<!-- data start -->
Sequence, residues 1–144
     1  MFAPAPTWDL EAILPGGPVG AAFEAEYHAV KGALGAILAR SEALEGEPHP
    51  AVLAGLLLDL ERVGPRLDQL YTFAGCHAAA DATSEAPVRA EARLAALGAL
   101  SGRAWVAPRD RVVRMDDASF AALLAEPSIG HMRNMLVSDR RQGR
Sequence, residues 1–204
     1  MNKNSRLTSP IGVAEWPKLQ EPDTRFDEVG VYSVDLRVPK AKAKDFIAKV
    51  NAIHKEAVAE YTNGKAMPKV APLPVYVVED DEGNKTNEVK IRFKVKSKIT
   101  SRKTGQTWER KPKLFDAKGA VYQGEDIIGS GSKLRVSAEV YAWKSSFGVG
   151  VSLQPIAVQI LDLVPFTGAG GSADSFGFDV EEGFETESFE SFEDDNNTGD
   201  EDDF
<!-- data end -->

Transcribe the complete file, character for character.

Sequence, residues 1–144
     1  MFAPAPTWDL EAILPGGPVG AAFEAEYHAV KGALGAILAR SEALEGEPHP
    51  AVLAGLLLDL ERVGPRLDQL YTFAGCHAAA DATSEAPVRA EARLAALGAL
   101  SGRAWVAPRD RVVRMDDASF AALLAEPSIG HMRNMLVSDR RQGR
Sequence, residues 1–204
     1  MNKNSRLTSP IGVAEWPKLQ EPDTRFDEVG VYSVDLRVPK AKAKDFIAKV
    51  NAIHKEAVAE YTNGKAMPKV APLPVYVVED DEGNKTNEVK IRFKVKSKIT
   101  SRKTGQTWER KPKLFDAKGA VYQGEDIIGS GSKLRVSAEV YAWKSSFGVG
   151  VSLQPIAVQI LDLVPFTGAG GSADSFGFDV EEGFETESFE SFEDDNNTGD
   201  EDDF